In response to the challenge to the reasonableness of the assumptions in the Business and Finance Plan relative to the disposition of the current airport and development and funding of the new airport, the ITA asserted that the proposed Transpark Project was a phased project and that this bond and note issuance and lease agreement are unrelated to the airport but were instead to fund Phase I of the project, being acquisition of 2000 acres and development of 240 of those acres for sale. According to the ITA Response to Appeal the project:
is to be constructed in phases or stages, so as to allow
the County to determine whether to undertake the
development of subsequent Phases based on the
success of prior Phases[.]
Response to Appeal at p.8.
Even though, as Appellant demonstrated in the Post-Hearing Brief,
the business plan reflects plainly that the project was presented to the SLDO as a unitary business park and airport project; see Business Plan Overview, pp. 1-2; Market and Operations Analysis at p. 1, and the proposition that the Transpark project business and finance plan is based on a phased approach gives every appearance of being a post hoc rationalization intended to rehabilitate the bond approval decision by sidestepping the significant problems with the projected revenue stream in the later years of the project, Appellant accepted for the sake of argument that the project was to be phased and reevaluated at the end of Phase I. 3 Appellant demonstrated that, based on the evidence in the documentation offered by the ITA, and granting the County and ITA every benefit of the doubt, if the project terminates at the end of Phase I the county (and any other participating governmental entities) will face significant shortfalls in revenue relative to expenses, thus materially and adversely affecting the financial status of the county.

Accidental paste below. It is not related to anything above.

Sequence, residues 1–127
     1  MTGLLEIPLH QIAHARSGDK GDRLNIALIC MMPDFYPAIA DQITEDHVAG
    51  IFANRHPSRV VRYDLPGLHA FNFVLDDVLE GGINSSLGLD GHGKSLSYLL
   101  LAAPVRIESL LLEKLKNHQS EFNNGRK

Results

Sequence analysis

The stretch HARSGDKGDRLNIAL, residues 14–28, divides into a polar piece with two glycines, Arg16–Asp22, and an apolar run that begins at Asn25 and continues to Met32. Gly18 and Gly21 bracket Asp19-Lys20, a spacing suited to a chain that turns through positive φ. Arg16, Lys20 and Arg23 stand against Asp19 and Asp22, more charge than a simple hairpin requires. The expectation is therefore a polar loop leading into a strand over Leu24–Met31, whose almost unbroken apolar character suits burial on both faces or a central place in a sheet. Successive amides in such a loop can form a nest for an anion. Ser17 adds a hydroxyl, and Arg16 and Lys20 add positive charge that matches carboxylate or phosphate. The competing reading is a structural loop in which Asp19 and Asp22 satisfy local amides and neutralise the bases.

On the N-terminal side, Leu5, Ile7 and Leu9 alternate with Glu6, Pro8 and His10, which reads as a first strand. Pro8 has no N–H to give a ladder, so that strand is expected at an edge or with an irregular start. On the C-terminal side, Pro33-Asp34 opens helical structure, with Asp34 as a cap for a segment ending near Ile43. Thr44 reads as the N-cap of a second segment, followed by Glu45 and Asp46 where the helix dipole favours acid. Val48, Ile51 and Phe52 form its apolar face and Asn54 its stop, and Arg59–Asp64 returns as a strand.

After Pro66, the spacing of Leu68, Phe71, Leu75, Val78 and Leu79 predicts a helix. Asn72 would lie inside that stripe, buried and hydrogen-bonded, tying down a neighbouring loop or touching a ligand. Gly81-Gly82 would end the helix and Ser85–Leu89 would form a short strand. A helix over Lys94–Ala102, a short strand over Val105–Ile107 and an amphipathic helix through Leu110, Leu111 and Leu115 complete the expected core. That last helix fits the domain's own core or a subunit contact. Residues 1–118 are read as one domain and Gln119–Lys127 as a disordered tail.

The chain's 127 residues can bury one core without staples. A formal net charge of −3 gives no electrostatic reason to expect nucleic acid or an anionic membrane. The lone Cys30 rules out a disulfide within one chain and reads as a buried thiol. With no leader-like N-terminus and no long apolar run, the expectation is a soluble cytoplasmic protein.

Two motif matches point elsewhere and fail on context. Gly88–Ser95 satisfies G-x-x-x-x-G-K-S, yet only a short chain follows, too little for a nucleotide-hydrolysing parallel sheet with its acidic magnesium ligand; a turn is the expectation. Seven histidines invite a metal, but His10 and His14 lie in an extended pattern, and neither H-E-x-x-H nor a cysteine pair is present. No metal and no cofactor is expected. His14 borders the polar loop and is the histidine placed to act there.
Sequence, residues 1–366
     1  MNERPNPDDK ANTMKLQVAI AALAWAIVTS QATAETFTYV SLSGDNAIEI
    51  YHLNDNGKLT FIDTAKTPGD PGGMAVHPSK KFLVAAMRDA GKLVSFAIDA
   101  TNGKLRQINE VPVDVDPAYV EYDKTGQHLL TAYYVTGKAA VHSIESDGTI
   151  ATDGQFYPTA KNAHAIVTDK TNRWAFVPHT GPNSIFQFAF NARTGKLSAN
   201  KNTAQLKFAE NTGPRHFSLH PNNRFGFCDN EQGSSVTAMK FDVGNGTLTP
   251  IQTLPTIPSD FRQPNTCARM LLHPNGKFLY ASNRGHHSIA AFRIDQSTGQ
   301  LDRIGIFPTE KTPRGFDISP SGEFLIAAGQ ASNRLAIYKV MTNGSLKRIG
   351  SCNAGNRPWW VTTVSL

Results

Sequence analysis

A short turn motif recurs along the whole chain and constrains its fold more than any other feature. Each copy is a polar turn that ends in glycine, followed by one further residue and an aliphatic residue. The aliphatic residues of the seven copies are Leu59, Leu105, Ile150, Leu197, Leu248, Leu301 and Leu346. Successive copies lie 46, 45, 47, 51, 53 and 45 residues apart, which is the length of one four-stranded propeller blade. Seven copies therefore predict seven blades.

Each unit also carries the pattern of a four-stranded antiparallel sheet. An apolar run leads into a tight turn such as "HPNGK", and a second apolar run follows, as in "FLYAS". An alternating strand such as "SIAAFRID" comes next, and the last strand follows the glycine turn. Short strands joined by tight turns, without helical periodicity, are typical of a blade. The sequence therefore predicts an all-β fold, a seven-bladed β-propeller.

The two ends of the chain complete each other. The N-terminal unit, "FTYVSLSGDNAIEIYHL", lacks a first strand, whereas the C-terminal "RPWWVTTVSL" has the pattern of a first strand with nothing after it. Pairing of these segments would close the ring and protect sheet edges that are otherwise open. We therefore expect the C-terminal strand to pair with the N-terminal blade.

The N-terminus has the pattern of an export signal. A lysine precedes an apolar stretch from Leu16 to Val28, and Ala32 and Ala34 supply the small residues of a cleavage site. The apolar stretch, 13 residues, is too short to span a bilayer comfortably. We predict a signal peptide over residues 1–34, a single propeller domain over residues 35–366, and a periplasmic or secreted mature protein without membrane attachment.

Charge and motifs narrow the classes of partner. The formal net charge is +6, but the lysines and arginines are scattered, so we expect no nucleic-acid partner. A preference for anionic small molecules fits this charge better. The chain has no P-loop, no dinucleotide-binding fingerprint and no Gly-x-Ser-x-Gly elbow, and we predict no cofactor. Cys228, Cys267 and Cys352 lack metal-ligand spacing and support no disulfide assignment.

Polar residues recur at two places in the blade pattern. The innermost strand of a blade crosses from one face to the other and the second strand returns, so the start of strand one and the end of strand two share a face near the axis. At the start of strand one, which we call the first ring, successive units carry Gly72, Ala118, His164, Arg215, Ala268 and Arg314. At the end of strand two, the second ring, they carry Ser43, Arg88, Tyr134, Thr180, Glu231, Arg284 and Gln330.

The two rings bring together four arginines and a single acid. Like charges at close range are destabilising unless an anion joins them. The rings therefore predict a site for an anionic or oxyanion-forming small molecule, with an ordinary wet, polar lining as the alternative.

The Referee completely ignored and failed to respond to this argument.
The ITA indicated that job creation as the criteria that will be used at the end of Phase I to determine whether to move to Phase II. (T. III p. 121). Assuming that the project does not, during Phase I, generate the jobs according to projections, and according to the criteria the decision is made not to develop Phase II, Appellant demonstrated that there would be a substantial revenue shortfall and liability to the participating counties including Warren County. Using the numbers supplied by the ITA and accepting at face value the assumptions and projections of the Business and Finance Plan, a substantial shortfall of $11,885,000 relative to expenditures at the end of Phase I of the Project if the project ends at that point, yet there is no capacity in the plan to address this possibility.
Assuming for the purposes of argument the continued existence of a $10 million dollar county fund balance, the deficit at the end of FY 2003 swamps that fund balance, obviously effecting a serious restriction of other county expenditures and adversely affecting existing creditors interests in the continued solvency of the county.4
The Referee glossed over this unrebutted argument and evidence reflecting that by end of FY 2003 (the end of Phase I) a shortfall of $11,885,000 relative to expenditures will exist if the Project ends at Phase I , instead leaping from the date of approval of the bonds and notes to year six, noting that the interest on the bonds is capitalized for the first five years.